The ALP simply hates private health insurance
Make no mistake about it. The battle to preserve Australia’s mix of public and private health care will be joined in earnest this week.
At stake is a worsening of the shaky health of our public hospitals.
At stake also is a direct cost impact for almost half the population who have private health insurance and an indirect, or delayed, impact on those who rely on public hospitals for treatment.
Labor’s attack on private health insurance through this year’s Budget will force substantial numbers of people to drop or downgrade their insurance coverage meaning many, many more people will be seeking treatment at public hospitals.
Longer waits in Accident and Emergency Departments, longer waits on lists for surgery lay ahead if this attack succeeds.
Nothing holds the potential to increase the stresses and strains on our hospitals more than the changes to private health insurance rebates contained in the erroneously named Fairer Private Health Insurance Incentives Bills, which are expected to be debated in the Senate this week
Every decision Kevin Rudd has taken since coming to Government will make our public health system worse – making a mockery of his oft-repeated promise that he had a plan to “fix” the nation’s public hospitals.
There is no doubt that the health sector is paying a high price for Labor’s reckless spending over the past nine months which has the nation spinning into massive debt.
The Government has targeted many areas of health to claw-back savings, but the targeting of private health insurance rebates carries the added factor of ideology – Labor hates private health insurance - and this is a serious direct attack upon it.
It is also a trashing of numerous promises both Mr Rudd and his now Health Minister Nicola Roxon made before the last election - to both the public and the insurance sector - that Labor would not change these rebates paid to those who take out private health insurance and in so doing relieve the call on public hospitals.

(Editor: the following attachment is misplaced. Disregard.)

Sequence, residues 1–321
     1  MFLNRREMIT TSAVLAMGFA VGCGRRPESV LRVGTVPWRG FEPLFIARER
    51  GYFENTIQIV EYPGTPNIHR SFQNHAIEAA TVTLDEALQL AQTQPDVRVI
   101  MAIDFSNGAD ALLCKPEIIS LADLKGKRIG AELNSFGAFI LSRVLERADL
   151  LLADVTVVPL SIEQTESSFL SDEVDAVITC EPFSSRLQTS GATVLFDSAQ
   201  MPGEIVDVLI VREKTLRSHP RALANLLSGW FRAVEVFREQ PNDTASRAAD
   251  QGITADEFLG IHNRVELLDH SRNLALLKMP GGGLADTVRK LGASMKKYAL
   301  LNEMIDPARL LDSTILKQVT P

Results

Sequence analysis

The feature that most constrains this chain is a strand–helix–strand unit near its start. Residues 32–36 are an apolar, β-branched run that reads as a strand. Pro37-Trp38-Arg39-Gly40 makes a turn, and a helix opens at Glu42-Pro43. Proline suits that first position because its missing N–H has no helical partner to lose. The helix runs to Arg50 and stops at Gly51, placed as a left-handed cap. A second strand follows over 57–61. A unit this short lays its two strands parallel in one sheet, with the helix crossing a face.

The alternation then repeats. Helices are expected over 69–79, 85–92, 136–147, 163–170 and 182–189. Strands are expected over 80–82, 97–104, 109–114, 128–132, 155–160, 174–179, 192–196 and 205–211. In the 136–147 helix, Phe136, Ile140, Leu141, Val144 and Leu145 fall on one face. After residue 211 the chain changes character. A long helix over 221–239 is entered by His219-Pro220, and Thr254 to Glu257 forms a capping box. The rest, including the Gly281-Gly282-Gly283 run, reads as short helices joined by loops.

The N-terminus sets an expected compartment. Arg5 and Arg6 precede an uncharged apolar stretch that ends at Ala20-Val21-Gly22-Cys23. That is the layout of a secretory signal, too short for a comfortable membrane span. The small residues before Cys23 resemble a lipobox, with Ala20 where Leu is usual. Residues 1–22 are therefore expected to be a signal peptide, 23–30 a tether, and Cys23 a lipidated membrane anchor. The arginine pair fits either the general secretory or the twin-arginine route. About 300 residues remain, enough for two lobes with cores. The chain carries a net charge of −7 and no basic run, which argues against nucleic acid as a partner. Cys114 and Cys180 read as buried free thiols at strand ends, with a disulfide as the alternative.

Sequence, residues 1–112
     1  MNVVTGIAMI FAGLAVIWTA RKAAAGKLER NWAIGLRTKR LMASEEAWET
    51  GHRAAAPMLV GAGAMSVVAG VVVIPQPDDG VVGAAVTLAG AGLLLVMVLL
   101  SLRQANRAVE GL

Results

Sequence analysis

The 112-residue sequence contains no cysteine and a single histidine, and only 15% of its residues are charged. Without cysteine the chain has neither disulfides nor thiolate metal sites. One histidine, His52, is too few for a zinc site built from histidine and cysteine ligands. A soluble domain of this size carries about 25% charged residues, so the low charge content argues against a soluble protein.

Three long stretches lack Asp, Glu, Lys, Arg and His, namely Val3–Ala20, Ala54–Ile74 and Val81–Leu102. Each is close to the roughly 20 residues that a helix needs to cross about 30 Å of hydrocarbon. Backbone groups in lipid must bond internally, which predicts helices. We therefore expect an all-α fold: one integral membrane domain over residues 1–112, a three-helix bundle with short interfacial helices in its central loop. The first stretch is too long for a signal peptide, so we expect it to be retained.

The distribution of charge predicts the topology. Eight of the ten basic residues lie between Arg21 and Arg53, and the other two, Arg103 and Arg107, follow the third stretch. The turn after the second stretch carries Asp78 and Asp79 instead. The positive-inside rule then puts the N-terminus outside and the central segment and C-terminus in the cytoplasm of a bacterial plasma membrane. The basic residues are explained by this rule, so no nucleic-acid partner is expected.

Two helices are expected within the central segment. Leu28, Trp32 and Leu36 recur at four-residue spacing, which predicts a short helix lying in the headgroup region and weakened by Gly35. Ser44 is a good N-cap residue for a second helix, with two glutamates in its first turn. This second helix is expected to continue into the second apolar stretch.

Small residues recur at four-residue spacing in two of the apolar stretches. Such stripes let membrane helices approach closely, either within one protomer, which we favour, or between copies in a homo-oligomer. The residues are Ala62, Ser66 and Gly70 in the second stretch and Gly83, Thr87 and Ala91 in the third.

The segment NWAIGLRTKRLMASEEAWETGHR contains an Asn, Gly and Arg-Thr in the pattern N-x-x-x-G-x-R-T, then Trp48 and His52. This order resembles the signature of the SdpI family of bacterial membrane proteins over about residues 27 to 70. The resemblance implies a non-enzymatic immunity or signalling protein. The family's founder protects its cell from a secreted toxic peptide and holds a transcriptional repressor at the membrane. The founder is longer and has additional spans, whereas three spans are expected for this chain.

The phasing down of the universal 30 per cent rebate, in three stages, to 20 per cent, 10 per cent and eventually to zero for those earning over $75,000 (singles) and $150,000 (families or couples) will mean 1.7 million Australians will immediately face private health insurance premium increases of between 14 and 43 per cent.
One million people are likely to drop or downgrade their insurance cover forcing premium increases for all who maintain insurance.
In seeking to cut the rebate to so-called higher income earners the Rudd Government will hammer low and middle income earners with higher prices.
It’s worth noting that a million people – one million Australians, probably many of them elderly – earning less than $26,000 a year make the struggle to pay for private health insurance.
Does it want them to also opt out of private insurance and join the queue at our public hospitals?
If so what impact could all this have?
The private health sector estimates it could transfer 75,000 treatment episodes from private to public health care.
Public hospitals will have to accommodate an extra 190,000 bed days at a cost of $200 million.
Four million allied health services would no longer be covered by insurance costing another $200 million.
Two million dental care treatments for which private insurance would have paid $100 million would also no longer be covered.
If those estimates even partially come to pass, it creates a huge hole in the $1.9 billion in savings Rudd Labor estimates it will make by changing the rebates.
It will also push our public hospitals further toward breaking point.
Reductions in Medicare rebates for cataract surgery and various other treatments, caps on the Extended Medicare Safety Net and the 2008 Budget changes to the Medicare Levy threshold all have implications for adding to pressures on the hospital system – the one that Kevin Rudd said he would “fix” by June this year.
The Coalition will oppose the private health insurance rebate cuts when they come before the Senate this week.
The savings needed by this Government to the nation’s bottom-line can be achieved in other ways.
The Coalition has proposed an increase in the excise on cigarettes that would more than cover the $1.9 billion in savings projected from the rebate changes.
Rudd Labor does not have to further threaten our public hospitals which its State Labor Governments have so dramatically mismanaged for far too many years.
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